I can’t say it was love at first sight. That wouldn’t be accurate. I met her at an awkward point in my life, when I was still unsure of myself, and far from the man I would one day become. As my teenage years melted away into my twenties, I gained a better sense of who I was, and where I had came from. Looking backward to my past, both that of my family and that of my people, helped me arrive at that understanding. And it was in that context, in late June of 2008, that I fell in love with her for the first time.

It was all fun and games at first. I had a back-up, if you will, so I strode into our relationship fearlessly. I acted bold, at times maybe too bold. I crossed her borders, and flirted with her distant neighbors, but in the end I always came back to her; or more accurately, I was pulled back to her by a force I couldn’t quite explain at the time. If I’m to be completely honest, it didn’t start as love so much as fascination. She spoke a different language, and came from a different culture. The night life scene she exposed me to was like nothing I had ever experienced before, and her friends were like none I had ever had. She was what strangers might call rude, but those who knew her well also knew that she wasn’t rude — just brutally honest. Maybe even to a fault. But I loved it. As a 21-year-old with an eye for adventure, she was just what I was looking for. Toward the end of our first extended period together, we were still riding the high of our initial feelings for one another.

And yet, even then, there was something more to our relationship than just hedonism. Her favorite song, “The Hope,” brought tears to my eyes long after we had separated for the first time. The sight of the blue and white that she always loved to wear brought back memories of late nights on the port, sunsets over the Mediterranean, and the pride of being associated with something as beautiful and dignified as her, my first true love.

When I came back to her, two and half years older, and a little bit wiser, I was still in love. But this time, I came back not just to love her, but to defend her, and as a result the nature of our relationship changed. Our love became more intense, and with that change came hardship. It was no longer late nights and full days spent hung over in bed. Now it was early mornings and hard work. In the first year and a half we spent together after we were reunited, I worked harder than I’d ever worked in my life for her. We spent every moment together, and that can be taxing at times. A little bit of distance is healthy in a relationship, but I forfeited that luxury when I took a vow to defend her.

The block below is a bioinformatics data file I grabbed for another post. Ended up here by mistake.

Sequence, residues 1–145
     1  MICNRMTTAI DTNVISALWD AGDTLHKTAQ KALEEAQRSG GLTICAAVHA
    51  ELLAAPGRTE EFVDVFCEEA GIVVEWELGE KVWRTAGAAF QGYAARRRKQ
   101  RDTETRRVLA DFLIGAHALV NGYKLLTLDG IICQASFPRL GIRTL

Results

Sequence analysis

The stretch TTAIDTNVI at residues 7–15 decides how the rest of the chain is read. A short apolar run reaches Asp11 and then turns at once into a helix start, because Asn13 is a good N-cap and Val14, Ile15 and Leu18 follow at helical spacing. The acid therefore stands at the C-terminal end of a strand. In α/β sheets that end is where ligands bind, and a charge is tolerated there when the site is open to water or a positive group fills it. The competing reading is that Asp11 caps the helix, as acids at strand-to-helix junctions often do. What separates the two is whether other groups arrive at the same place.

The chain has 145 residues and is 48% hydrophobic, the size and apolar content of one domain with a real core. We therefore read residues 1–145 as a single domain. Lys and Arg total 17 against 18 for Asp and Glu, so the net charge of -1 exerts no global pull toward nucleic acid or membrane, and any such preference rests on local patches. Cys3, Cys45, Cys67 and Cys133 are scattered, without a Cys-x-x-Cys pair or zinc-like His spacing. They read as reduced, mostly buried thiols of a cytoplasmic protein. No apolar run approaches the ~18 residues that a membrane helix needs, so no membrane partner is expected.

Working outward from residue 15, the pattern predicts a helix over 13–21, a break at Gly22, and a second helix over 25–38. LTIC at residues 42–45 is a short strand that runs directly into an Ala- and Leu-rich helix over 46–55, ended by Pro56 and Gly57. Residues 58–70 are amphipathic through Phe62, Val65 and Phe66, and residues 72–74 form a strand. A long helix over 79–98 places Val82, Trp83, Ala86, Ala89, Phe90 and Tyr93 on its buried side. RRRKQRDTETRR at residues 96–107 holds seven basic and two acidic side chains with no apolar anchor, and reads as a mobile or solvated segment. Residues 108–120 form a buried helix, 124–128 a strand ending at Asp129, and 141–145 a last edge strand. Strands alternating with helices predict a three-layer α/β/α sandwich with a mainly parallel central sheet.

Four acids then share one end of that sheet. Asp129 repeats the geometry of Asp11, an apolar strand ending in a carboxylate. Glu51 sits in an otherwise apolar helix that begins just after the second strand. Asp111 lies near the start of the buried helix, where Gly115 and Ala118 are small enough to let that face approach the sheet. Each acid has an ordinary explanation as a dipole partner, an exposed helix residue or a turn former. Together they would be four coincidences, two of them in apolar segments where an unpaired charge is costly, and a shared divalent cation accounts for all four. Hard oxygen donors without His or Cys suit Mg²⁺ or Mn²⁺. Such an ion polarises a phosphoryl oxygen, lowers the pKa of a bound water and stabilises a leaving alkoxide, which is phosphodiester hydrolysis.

(Israel flag image via Shutterstock)

I had changed as well. I no longer had a backup. No longer did I flirt with her neighbors. Now I was hers, and hers alone, and committing yourself fully to someone is a scary thing. When you put it all on the line, you have a lot to lose. But ultimately, that’s the only way to get real satisfaction from a relationship.

Today is July 12, 2012, nearly four years to the day from that afternoon in late June of 2008 when we first fell in love. And yet not everything has changed. While I now stand at attention when she plays “The Hope,” instead of just singing along, it still brings tears to my eyes. Blue and white, especially when they’re together, have become my favorite colors, as they are hers.

Yes, I’m not naive; I know she’s not a virgin. Israel has had many lovers before me and will have many more after me, but I feel a connection to her that is unique. I pledged my allegiance to her, and I defend her with all of my heart and with all of my time. And as I struggle to love her, she rewards me with moments that I will remember for the rest of my life. Last month, she even rewarded me with two beautiul pins on my uniform after a year and a half of training. Our relationship continues to be a difficult one. Defending her takes more from me than I knew that I had in me to give. But that comes with the territory. Nobody ever said love was easy. They just said it was worth it.